PM opening statement at Serious Violence Summit: 1 April 2019

Prime Minister Theresa May hosted a Serious Youth Violence Summit at Downing Street.

Prime Minister Theresa May spoke at the Serious Violence Summit in Downing Street.

Good morning everyone.

Thank you very much for coming here to Number 10 today to discuss tackling the issue that is a top priority for government and for the organisations who are represented here around this table. But perhaps more important, it’s an issue that families, and young people and communities across the country, are concerned about and want to see us tackling.

And in the recent months we’ve seen an appalling number of young lives that have been cut short or devastated by serious violent crime, including a number of horrifying incidents which took place just over this weekend. And as we look at what’s happened of course what we also see is that in many cases the perpetrators of these crimes are as young as our victims. And this is something that has to be of deep concern to us all.

It is a challenge that collectively affects us as a society, and it is a challenge that as a society we need to rise up to and to act to deal with.

And not deal with as individuals in isolation – as single organisations or single politicians or individuals in the community – but actually dealing with it in a great, co-ordinated, wide-reaching and long-term effort. With all of us coming together to address this issue.

Of course we would always make sure that the resources and tools are there to be able to apprehend and deal with those who are carrying and using knives, and the police have what they need to do – but we cannot simply arrest ourselves out of this problem.

This is a wider problem. It’s more deep seated and we need to have a more coordinated effort in response to it.

If you think about it, if it was a devastating disease that was affecting young people yes, we would be treating the symptoms but we would also be asking ourselves the question of what is the underlying cause.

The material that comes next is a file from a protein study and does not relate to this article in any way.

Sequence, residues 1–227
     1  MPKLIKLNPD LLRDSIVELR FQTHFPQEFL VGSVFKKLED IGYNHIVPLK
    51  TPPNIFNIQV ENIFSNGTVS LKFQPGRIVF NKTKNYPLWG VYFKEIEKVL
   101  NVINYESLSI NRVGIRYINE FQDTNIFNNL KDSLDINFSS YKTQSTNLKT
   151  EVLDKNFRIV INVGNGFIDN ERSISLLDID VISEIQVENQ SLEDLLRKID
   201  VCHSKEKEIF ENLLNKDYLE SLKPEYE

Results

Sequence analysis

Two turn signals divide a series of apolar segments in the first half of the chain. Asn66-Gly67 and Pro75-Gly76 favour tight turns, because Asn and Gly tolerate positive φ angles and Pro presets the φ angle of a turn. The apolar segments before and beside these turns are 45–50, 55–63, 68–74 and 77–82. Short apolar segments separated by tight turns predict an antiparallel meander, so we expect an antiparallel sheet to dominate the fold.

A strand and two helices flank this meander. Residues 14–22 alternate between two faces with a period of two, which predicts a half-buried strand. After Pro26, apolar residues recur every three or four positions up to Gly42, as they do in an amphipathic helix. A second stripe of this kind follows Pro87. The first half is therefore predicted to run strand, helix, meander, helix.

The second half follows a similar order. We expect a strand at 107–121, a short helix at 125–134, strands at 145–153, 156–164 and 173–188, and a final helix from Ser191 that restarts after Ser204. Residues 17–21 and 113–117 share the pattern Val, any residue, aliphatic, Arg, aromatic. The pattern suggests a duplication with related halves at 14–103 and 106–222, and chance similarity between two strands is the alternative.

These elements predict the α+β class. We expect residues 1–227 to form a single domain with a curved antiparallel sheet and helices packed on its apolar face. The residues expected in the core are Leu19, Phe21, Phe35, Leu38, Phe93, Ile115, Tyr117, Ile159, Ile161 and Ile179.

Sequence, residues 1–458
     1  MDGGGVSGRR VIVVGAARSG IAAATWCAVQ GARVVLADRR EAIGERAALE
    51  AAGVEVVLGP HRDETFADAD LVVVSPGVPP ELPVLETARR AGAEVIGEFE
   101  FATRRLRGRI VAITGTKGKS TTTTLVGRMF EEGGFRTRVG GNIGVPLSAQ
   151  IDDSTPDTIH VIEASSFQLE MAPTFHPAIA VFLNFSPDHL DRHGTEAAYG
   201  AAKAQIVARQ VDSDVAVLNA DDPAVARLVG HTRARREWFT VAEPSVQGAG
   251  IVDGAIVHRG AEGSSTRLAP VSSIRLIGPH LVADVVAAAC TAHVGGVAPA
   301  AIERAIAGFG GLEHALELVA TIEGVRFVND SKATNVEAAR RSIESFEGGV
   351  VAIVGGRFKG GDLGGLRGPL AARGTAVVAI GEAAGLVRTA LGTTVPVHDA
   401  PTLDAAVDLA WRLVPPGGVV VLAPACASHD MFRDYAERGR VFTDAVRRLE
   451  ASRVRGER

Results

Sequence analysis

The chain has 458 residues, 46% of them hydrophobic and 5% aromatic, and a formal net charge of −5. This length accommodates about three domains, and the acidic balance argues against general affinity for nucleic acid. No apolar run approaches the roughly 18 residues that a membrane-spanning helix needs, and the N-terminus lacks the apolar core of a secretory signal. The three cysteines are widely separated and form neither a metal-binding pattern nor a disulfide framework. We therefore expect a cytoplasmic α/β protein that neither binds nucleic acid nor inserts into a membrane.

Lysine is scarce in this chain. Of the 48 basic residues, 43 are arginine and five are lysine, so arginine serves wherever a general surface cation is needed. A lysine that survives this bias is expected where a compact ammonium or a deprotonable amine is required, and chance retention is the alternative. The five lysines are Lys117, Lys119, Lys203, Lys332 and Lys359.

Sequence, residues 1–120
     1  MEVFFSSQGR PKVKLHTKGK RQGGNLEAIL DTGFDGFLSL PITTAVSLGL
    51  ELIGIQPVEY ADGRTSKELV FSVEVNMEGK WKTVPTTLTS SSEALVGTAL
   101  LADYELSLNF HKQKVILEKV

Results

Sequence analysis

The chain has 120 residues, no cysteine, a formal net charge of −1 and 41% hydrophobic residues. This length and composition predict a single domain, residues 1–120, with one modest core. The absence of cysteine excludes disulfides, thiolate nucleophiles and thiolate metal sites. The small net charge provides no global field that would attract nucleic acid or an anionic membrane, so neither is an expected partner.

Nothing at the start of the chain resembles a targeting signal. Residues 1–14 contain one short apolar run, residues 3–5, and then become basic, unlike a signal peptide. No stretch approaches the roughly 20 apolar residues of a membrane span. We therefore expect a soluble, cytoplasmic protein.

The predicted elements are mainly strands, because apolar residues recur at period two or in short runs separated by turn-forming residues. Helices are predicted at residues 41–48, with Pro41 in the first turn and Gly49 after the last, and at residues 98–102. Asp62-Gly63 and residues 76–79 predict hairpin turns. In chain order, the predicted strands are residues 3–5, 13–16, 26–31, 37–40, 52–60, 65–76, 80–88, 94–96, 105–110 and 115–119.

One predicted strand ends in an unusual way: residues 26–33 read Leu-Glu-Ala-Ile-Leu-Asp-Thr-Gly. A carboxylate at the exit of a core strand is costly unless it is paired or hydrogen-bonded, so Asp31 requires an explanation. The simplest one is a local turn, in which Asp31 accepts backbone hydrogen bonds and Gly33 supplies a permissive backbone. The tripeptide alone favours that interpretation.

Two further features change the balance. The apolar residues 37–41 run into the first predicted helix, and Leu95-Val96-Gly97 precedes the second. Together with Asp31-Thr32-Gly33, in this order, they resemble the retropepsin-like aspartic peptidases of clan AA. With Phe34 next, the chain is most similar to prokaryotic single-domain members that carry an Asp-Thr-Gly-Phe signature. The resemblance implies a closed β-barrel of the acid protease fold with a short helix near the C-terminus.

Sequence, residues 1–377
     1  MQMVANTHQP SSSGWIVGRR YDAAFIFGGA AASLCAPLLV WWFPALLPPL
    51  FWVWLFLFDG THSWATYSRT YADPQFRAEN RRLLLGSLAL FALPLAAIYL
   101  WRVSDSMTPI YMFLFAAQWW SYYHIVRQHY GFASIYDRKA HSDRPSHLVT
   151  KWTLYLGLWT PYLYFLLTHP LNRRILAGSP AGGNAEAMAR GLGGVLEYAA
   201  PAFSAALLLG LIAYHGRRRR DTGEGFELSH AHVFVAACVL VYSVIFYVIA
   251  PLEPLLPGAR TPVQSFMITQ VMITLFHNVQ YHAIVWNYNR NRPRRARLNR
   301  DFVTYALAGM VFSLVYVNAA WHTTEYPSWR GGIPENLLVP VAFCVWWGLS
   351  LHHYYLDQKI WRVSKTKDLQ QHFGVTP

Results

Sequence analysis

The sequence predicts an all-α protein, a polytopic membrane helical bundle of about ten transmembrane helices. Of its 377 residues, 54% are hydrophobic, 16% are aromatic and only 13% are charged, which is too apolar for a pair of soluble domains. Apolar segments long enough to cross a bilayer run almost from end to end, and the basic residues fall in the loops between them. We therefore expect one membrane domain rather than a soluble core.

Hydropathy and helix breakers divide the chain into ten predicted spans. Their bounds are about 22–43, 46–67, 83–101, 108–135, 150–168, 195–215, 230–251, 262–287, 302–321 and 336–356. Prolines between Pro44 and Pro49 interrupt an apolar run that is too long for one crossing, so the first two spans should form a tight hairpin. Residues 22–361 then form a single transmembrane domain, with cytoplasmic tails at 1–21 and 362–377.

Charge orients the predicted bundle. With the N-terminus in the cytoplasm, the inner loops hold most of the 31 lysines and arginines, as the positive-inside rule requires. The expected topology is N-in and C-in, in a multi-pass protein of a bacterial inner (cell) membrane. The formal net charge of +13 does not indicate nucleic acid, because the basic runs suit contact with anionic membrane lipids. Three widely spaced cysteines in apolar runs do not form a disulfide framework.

And that is that in relation to this issue we need to take the same approach to the cancer of serious youth violence.

It is more than just law enforcement.

And that is what this week’s summit is about. It’s about bringing together people from different aspects of society, with different responsibilities ,with different experience to ensure that we can build on the work that’s being done as in the Serious Violence Summit, and the Youth Endowment Fund, but also to make sure we come together in this multiagency, whole-community approach to serious youth violence.

And that’s where of course this approach, often referred to as the “public health approach”, is one of the things we want to be discussing this week.

That’s where everybody is working together across the system in multiple agencies – sharing information – but crucially making sure that every contact counts.

And to help make that happen, today we’ve launched a consultation on a public duty that would underpin such an approach.

I can also announce that we are setting up a new Ministerial Taskforce that will co-ordinate the government’s role and make sure all departments are playing their part. It needs, again, to be a collective approach across government as it is between government and other organisations.

And there will be a new Serious Violence Team which will be set up in the Cabinet Office as well which will have representatives from across government to ensure join-up, and will also be well-placed to assist local areas as they build operational equivalents in their own Violence Reduction Units.

In a moment I’ll ask the Home Secretary to talk a little more about the size and scope of the challenge we face and the work we have already undertaken to tackle it.

But first we will hear from some of the experts who have joined us today.

I’m grateful to everybody around the table because everybody has come with expertise and understanding and experience of this issue. We have sitting around the table people who have delivered transformational change and real reductions in violence across the UK and the US.

So let me introduce Professor Mark Bellis, from Public Health Wales, and Dr Jens Ludwig, from the Chicago and New York Data Labs. I know you’ve travelled to be here today so thank you – particularly to Dr Ludwig for travelling as far as you have to be with us here today. We want to be able to learn from you and I know that in the chat that I’ve had with Mark in the past about the different roles and the importance of the work that you’ve done, and we very much look forward to learning from both of you.

Nothing that is said today of course will bring back the young people whose lives have been so cruelly taken by serious violence.

But what we can do today is to send a very clear message that “this must stop” and a very clear message that collectively we will do everything we can to make sure that it stops.

And we can begin to shape this new approach that will meet the scourge of youth violence head on, so that more families are spared the unimaginable suffering that sadly too many families have endured in recent months.

So with that I’ll pass over to Jens.